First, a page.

Peer reviewers are supposed to be experts in their fields, competent enough at least to spot methodological errors, wayward conclusions and implausible findings. But checking references? Apparently, not so much.
Such discussions can, and the original Retraction Watch story did, prompt cries of whether it is fair/reasonable to give unpaid peer reviewers another job? A reasonable response might be: Who else is better placed? A lot more of us with the knowledge need to participate in peer review and we need frameworks that celebrate good practice.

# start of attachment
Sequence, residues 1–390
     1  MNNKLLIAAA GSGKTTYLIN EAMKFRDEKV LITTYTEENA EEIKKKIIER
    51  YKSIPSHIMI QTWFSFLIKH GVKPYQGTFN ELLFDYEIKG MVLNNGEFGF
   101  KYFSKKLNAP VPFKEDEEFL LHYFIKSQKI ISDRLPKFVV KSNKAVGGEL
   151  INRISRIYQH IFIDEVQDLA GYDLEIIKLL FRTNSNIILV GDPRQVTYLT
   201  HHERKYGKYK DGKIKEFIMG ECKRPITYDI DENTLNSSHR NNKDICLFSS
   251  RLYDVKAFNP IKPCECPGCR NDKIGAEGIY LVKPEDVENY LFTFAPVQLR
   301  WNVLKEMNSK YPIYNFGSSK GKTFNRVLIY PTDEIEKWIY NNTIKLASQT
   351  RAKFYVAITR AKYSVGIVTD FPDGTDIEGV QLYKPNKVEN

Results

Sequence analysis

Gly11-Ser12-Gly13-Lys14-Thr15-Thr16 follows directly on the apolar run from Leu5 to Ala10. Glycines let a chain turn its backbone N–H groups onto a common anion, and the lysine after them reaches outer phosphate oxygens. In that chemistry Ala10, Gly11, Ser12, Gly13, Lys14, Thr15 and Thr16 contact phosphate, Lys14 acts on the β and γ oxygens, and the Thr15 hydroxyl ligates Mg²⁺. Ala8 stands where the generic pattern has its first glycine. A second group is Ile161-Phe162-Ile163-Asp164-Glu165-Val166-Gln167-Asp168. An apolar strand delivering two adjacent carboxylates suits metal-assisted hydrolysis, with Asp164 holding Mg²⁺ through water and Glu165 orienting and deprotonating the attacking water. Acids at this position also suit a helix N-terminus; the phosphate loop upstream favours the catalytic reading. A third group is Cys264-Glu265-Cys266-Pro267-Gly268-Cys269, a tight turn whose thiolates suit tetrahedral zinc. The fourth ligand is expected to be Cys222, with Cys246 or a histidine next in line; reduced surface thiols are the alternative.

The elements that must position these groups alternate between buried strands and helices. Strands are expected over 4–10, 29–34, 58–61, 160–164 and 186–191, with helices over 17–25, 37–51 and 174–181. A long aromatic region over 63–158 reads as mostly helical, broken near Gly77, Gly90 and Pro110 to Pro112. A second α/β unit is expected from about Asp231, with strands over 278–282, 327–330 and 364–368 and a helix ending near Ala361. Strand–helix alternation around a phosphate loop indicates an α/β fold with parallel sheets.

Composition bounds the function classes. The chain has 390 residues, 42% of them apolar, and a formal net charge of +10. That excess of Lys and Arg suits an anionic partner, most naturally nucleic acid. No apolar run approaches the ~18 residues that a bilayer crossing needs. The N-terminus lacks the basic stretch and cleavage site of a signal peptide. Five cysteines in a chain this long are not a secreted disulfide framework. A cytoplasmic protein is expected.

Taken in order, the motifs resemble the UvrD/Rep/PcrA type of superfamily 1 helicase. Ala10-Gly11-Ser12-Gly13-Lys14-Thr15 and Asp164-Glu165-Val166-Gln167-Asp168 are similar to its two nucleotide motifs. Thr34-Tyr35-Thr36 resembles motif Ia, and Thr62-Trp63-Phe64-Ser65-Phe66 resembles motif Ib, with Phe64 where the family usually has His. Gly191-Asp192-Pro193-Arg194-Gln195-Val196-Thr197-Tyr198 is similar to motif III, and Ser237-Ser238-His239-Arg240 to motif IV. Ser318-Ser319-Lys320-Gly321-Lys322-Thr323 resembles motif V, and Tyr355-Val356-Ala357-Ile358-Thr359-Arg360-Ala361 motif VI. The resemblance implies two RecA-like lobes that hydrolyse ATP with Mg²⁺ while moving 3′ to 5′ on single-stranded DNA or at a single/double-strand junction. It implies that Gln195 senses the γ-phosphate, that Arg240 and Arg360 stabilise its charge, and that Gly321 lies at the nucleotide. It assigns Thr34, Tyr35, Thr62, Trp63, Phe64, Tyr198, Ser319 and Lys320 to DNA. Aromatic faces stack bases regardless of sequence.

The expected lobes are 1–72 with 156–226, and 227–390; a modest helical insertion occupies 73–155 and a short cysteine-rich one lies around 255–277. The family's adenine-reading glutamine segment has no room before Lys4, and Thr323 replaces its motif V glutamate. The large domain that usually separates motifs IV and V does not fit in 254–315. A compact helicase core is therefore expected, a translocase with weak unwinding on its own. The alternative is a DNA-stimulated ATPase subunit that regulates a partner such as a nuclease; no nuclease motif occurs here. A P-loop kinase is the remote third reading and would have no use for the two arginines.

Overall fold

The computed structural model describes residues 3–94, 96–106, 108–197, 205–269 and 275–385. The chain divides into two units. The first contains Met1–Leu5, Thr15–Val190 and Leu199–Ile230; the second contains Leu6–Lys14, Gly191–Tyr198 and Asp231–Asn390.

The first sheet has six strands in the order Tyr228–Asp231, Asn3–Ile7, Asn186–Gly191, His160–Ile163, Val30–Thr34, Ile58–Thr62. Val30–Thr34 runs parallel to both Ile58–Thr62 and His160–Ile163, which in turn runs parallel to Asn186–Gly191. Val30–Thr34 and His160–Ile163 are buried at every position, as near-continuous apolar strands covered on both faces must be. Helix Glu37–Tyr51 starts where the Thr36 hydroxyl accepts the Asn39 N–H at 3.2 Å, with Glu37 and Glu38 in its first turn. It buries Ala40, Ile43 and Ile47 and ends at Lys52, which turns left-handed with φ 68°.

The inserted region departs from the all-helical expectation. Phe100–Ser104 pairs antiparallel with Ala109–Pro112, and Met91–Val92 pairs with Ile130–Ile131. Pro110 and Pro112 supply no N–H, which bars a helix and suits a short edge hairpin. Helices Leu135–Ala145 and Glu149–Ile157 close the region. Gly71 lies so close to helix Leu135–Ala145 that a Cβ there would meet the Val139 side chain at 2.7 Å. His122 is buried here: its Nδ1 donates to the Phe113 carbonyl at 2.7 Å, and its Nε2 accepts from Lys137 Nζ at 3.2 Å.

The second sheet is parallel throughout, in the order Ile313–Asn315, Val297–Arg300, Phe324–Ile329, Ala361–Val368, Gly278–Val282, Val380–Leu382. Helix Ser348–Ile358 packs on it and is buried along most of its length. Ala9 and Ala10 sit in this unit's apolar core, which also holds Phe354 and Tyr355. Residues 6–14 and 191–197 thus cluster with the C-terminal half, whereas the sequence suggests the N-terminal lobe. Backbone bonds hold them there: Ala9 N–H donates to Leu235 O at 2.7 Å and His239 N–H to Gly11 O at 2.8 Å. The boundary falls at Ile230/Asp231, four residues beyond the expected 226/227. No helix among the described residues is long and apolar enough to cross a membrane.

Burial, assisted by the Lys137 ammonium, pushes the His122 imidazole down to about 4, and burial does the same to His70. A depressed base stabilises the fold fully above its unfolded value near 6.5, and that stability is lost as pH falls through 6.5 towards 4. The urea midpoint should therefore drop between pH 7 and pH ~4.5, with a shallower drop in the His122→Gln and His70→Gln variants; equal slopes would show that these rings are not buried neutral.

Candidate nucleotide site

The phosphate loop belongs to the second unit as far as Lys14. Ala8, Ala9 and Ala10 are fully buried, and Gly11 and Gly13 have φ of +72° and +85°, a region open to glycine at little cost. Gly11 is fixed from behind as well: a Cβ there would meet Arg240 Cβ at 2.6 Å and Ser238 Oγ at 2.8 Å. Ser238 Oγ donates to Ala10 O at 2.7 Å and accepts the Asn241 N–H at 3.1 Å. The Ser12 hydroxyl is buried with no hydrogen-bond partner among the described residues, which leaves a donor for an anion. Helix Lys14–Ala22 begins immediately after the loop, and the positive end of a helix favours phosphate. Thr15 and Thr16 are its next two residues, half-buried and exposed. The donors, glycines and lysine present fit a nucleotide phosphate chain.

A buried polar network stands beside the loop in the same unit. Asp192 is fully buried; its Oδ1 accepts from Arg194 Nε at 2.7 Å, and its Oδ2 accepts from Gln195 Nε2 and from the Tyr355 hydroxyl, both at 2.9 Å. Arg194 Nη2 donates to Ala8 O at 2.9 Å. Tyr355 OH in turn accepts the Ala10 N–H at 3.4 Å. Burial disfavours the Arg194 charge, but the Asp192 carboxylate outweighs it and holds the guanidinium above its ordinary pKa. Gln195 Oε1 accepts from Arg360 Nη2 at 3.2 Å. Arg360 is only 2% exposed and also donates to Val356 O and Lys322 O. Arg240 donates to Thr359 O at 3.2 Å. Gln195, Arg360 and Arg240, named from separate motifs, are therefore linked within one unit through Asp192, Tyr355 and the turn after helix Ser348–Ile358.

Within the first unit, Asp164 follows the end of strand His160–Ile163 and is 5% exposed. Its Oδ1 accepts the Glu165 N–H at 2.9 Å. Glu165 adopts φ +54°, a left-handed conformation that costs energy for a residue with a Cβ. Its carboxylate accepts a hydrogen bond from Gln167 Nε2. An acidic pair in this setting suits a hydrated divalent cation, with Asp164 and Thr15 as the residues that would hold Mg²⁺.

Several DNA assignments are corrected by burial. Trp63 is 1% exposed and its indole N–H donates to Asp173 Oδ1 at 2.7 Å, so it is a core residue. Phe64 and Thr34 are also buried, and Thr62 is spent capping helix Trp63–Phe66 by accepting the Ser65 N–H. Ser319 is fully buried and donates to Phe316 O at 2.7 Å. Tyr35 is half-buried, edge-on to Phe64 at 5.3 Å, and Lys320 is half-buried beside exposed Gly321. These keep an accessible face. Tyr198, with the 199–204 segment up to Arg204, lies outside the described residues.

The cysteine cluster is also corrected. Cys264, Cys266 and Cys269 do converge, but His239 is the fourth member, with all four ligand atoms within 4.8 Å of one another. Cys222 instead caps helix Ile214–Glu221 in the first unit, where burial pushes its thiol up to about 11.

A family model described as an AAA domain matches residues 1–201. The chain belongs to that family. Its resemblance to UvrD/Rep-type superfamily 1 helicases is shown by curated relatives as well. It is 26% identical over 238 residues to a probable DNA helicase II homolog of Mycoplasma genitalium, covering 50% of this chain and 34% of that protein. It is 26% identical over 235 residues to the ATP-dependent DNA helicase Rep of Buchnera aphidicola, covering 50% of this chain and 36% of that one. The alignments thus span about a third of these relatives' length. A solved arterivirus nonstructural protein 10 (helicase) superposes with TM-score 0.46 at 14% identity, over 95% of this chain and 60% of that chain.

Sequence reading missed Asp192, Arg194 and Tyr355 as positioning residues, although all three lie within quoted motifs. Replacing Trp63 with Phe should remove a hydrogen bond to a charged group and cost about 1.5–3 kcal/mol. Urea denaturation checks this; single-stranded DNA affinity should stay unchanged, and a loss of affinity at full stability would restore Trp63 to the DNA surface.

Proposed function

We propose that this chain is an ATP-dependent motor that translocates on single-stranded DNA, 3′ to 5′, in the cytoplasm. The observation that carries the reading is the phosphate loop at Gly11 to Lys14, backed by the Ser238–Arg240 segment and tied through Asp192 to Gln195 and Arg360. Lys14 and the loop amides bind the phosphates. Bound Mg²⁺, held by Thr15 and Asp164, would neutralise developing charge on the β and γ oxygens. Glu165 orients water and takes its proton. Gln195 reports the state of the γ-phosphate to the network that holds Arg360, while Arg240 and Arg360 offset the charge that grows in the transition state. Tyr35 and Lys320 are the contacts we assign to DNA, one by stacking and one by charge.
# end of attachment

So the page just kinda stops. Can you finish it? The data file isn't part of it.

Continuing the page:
The paper, “Medical students’ perception of their education and training to cope with future market trends,” appeared in March in Advances in Medical Education and Practice, a Dove Press title. The author was Mohamed Abdelrahman Mohamed Iesa, a physiologist at Umm Al-Qura University in Saudi Arabia.